Some of the thousands of Canadians told they'd have to repay federal emergency COVID-19 benefits will get to keep the money after all.

Self-employed Canadians who'd applied for the Canada Emergency Response Benefit based on their gross income, instead of their net, won't have to cut cheques, the government announced Tuesday, an about-face after it had previously said no one was getting any slack.

But whether others being asked to repay could also receive amnesty remained up in the air as the government said the tweak announced Tuesday was meant to address a specific problem.

"We are dealing here with a subset of the nine million Canadians who applied for CERB who legitimately and honestly relied on misinformation we provided," Employment Minister Carla Qualtrough said Tuesday.

"And that's the problem we're solving here today."

Self-employed Canadians who'd applied for the benefit last year were left confused by instructions from Canada Revenue Agency about how to calculate whether they qualified for the benefit: did the $5,000 in income they had to earn to qualify mean income before or after allowable deductions?

The government gave conflicting answers in the early days of the CERB roll out, and though the ultimate answer was net income, the money after deductions, some had applied using gross income.

In turn, they found themselves among about 441,000 Canadians who got letters last year warning their eligibility for CERB was in doubt and they might have to repay.

How many people the program tweak will affect, or how much it will cost, remains unclear.

Some of the thousands of Canadians told they'd have to repay federal emergency COVID-19 benefits will get to keep the money after all. #CERB #CDNPoli #COVID19

Qualtrough said Tuesday that of the 441,000 people who received letters, many have now filed their taxes, their eligibility for CERB has been confirmed and they won't have to repay.

The decision for a targeted amnesty comes after Qualtrough repeatedly said last year that those caught up in the communication snafu wouldn't be given a break.

"There's not a conversation happening right now where we would forgive people, where we would not require people who were not eligible to pay it back. No," she told the CBC in December, a sentiment her office repeated last month as well.

On Tuesday, Qualtrough suggested the change came after hearing from Canadians about the problem, and taking the time to craft a "balanced" solution.

"We reached a conclusion that the fairest and most reasonable way to move forward on this would be to allow people who applied using gross to not have to repay their benefits," she said during a news conference.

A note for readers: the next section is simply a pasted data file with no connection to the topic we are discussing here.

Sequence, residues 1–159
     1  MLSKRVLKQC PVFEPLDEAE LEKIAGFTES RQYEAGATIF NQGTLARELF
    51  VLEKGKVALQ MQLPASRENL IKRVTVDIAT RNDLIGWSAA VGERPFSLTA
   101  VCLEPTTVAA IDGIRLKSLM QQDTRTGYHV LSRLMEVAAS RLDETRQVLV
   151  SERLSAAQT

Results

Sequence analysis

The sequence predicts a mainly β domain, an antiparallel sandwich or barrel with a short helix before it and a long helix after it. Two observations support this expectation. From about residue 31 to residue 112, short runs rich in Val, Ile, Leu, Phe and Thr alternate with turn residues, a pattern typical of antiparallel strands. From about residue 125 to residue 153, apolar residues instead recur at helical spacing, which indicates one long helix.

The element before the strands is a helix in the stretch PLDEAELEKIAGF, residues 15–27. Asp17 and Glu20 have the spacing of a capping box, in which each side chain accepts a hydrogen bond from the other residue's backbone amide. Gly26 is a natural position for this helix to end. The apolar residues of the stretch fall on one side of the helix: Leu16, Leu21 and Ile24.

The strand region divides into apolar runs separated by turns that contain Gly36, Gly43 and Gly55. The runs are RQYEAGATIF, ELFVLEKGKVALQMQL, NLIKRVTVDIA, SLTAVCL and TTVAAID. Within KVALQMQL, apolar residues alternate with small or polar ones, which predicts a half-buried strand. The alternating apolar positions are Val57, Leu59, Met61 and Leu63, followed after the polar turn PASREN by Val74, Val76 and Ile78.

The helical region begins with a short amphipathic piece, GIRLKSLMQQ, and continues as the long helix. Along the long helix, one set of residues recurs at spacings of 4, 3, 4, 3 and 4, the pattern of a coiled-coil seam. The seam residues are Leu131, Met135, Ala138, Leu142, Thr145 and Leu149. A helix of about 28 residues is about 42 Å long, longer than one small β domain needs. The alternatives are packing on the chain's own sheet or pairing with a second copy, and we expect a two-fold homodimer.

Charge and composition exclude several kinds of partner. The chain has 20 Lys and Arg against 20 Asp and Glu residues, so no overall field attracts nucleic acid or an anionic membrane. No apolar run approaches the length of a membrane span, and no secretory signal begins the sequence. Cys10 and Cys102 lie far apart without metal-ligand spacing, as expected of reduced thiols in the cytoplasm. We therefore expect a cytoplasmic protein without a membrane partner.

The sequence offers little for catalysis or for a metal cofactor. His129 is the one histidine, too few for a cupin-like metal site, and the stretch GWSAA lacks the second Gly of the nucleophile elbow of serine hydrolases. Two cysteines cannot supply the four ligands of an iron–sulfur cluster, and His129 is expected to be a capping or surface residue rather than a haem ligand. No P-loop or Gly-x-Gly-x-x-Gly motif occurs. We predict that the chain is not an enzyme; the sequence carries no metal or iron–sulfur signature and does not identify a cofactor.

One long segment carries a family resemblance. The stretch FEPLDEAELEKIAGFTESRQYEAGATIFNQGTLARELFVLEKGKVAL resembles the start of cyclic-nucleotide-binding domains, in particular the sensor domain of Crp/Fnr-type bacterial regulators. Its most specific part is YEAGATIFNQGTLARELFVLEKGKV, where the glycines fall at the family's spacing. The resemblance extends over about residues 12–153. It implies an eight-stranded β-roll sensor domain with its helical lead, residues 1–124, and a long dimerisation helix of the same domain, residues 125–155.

Those who have already repaid amounts they thought they owed will also get that money back, she said.

There remains pressure for a broader reprieve from repayments, especially for those who lack the income to repay what they may owe and for others who might have applied in good faith for the benefits, received them, and only later found out they didn't qualify.

Qualtrough said no one has to urgently repay, and the government is trying to work with people to relieve them of any stress potential repayments will cause. But she did not commit to any further amnesty programs.

The government instead pointed to another announcement it made Tuesday as efforts to provide relief to low- and middle-income Canadians: those who received emergency benefits and made up to $75,000 in taxable income won't have to pay interest on 2020 tax debt until next year.

That measure ought to provide at least 4.5 million people "with the flexibility required to feel confident about accessing the COVID-19 income support without facing additional stress at tax time," the government said in a news release.

Opposition politicians who'd been clamouring for the government to reverse course on the payback demands welcomed the move.

But both the NDP and the Greens said it was absurd the government had made the demand for repayment in the first place, especially given the amounts at stake — the maximum payout under the program was $14,000.

"For Trudeau’s government to think that Canadians on the financial brink have $14,000 on hand to pay for government incompetence is completely out of touch," said NDP MP Daniel Blaikie in a statement.

"We know this put honest Canadians in the position of getting ready to sell the homes, their cars, their tools and other essential items."

Green party Leader Annamie Paul said it shouldn't have taken this long to make the decision. But, she told a news conference, it's also proof that change is possible.

"More than anything. I'm just thrilled for the people who will sleep just a little bit better tonight and have just a little bit less anxiety because of this decision," she said.

This report by The Canadian Press was first published Feb. 9, 2021.